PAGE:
Australian court says Fortescue founder didn't mislead investors

Tue Oct 2, 2012 12:17am EDT
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By Maggie Lu Yueyang

CANBERRA (Reuters) - Australian iron ore magnate Andrew Forrest and Fortescue Metals Group Ltd (FMG.AX: Quote) won a High Court appeal to overturn a conviction for misleading investors, allowing the billionaire to return as an executive director to the company he founded.

The ruling ends an eight-year legal battle between Fortescue and the country's securities watchdog, and promises to bring clarity to the direction the world's No.4 iron ore miner will take as it struggles with heavy debts, ebbing demand from China and sliding iron ore prices.

"It eliminates one area of uncertainty that has dragged on for quite a while," said Jamie Spiteri, senior dealer, Shaw Stockbroking. "But for Fortescue it comes down to genuine iron ore demand. Their future profitability is dependent upon an improvement in that iron ore price."

Forrest founded Fortescue in 2003 after a decade of promoting everything from Cuban-style nickel mining to underground desert oceans. He owns around one-third of the company, worth more than $3.5 billion at current prices.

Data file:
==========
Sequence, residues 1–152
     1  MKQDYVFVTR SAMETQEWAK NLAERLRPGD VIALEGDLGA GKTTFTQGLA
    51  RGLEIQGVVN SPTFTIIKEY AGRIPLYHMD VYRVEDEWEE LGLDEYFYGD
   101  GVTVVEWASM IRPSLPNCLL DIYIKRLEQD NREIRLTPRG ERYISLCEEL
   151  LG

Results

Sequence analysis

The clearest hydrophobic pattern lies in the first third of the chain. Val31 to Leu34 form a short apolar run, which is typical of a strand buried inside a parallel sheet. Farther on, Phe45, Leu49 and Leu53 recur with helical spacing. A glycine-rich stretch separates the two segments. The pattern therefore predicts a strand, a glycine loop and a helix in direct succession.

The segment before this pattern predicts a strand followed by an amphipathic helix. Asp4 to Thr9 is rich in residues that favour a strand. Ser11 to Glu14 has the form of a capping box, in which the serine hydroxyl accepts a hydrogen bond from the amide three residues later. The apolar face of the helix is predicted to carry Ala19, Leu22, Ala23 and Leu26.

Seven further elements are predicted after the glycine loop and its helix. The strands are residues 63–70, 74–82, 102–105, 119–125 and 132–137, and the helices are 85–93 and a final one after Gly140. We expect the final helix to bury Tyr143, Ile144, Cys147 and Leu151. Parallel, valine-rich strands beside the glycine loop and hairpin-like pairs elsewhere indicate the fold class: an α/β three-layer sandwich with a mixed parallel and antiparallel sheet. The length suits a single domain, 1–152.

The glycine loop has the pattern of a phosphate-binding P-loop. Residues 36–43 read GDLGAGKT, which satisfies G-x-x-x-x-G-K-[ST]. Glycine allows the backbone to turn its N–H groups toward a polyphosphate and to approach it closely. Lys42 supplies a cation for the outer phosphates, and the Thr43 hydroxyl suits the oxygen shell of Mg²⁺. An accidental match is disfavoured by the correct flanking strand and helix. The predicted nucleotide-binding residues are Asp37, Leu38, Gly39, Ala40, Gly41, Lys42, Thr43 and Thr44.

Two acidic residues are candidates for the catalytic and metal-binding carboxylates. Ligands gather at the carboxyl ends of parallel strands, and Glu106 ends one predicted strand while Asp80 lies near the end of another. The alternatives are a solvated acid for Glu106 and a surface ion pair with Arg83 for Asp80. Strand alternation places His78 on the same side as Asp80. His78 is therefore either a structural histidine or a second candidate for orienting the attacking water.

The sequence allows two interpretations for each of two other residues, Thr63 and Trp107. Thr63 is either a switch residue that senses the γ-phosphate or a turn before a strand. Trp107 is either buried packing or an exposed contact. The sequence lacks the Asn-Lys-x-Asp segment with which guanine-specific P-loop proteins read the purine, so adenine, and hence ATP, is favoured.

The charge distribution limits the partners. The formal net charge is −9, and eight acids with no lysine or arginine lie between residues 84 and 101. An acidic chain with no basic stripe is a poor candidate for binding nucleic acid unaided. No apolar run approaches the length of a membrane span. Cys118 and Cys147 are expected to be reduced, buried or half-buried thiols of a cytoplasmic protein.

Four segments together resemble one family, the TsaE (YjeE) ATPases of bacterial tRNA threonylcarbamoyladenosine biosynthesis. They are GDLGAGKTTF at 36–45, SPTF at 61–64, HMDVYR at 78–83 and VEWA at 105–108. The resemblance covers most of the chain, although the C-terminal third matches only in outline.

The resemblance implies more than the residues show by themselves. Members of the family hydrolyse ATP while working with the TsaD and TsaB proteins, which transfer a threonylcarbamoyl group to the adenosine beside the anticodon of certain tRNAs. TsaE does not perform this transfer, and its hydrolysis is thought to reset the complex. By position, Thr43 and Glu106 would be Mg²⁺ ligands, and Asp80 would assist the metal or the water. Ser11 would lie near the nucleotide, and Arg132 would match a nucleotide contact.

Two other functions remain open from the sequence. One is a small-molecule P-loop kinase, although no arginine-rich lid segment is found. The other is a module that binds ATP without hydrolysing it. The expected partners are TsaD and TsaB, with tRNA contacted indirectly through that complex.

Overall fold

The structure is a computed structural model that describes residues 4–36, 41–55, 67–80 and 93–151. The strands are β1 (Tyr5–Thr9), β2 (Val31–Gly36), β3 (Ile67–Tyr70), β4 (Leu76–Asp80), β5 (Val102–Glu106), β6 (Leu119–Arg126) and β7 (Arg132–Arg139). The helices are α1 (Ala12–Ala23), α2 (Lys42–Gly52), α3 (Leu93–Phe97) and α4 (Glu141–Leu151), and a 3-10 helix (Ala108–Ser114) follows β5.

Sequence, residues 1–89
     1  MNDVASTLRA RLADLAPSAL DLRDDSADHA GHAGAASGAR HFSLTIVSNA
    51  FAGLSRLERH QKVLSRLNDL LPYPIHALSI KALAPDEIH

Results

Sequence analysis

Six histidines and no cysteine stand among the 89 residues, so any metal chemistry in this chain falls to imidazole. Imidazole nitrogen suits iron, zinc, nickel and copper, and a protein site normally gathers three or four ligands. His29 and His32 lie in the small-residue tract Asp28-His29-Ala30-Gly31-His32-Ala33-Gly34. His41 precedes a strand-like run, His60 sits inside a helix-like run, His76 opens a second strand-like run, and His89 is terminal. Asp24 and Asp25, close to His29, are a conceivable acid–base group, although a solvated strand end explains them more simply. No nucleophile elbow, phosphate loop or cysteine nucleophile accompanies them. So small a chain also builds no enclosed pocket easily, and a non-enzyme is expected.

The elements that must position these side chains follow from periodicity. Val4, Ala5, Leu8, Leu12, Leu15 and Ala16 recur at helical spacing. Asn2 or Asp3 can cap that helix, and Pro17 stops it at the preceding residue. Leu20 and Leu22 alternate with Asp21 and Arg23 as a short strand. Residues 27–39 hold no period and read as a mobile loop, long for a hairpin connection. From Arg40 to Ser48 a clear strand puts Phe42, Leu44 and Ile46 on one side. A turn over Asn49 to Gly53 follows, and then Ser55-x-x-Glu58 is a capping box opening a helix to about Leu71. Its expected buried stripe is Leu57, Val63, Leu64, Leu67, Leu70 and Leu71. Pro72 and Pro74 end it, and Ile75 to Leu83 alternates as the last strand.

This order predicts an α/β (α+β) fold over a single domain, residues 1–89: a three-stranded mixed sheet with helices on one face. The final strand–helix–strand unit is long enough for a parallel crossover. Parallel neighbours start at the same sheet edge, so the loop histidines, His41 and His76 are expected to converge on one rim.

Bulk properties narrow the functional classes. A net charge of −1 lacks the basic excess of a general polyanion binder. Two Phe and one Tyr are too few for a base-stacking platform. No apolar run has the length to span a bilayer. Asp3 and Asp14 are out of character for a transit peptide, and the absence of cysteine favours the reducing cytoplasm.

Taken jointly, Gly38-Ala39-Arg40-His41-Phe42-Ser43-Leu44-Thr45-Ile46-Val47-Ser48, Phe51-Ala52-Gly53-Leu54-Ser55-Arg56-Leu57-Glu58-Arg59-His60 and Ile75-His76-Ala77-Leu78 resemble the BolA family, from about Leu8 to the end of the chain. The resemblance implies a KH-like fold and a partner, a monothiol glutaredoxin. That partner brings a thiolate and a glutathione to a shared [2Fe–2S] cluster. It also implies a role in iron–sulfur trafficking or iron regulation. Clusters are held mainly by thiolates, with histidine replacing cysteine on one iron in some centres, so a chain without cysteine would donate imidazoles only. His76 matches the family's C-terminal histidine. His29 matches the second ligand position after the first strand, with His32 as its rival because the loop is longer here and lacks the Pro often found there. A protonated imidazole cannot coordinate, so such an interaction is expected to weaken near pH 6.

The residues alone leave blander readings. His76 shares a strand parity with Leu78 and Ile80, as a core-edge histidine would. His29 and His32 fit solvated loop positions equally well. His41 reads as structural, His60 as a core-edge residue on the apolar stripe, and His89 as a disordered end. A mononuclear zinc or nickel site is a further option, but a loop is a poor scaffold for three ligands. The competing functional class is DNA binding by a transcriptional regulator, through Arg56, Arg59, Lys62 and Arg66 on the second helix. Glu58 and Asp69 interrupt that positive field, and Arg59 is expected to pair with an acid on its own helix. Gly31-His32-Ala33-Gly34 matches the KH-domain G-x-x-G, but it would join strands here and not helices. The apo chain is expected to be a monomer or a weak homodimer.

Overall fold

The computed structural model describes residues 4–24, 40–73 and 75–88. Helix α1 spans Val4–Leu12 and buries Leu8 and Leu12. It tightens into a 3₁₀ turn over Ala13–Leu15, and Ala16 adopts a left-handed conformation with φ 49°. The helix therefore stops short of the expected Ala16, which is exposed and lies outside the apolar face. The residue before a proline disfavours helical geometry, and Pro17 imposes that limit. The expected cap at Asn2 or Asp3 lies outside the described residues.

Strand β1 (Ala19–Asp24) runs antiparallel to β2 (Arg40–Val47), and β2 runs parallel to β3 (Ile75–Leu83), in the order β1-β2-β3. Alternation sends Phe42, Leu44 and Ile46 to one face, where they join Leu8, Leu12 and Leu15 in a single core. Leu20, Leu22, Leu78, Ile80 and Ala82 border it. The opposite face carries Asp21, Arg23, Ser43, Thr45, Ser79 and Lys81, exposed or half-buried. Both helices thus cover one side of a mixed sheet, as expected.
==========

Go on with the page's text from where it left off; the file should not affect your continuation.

Known by his nickname "Twiggy," Forrest is credited with turning Fortescue into the country's third-largest iron ore producer after Rio Tinto Ltd (RIO.AX: Quote) and BHP Billiton Ltd (BHP.AX: Quote) by selling almost all of the company's output to Chinese steel mills.

But hammered by slowing Chinese demand and slumping iron ore prices just as it ramps up borrowings to fund a surge in production, Fortescue has come under increasing pressure in recent months. In September, the company said it would slash spending and jobs just days after reassuring on its outlook, shocking investors.

"We can now focus our full attention to ensuring the continued success of Fortescue Metals Group for many years to come," Deputy Chairman Herb Elliott said in a statement.

The legal battle had been an "expensive distraction," he said.   Continued...

The Chairman of Fortescue Metals Group, Andrew Forrest, reads from the pulpit during the Commonwealth Day Observance service at Westminster Abbey in London March 12, 2012. REUTERS/Leon Neal/pool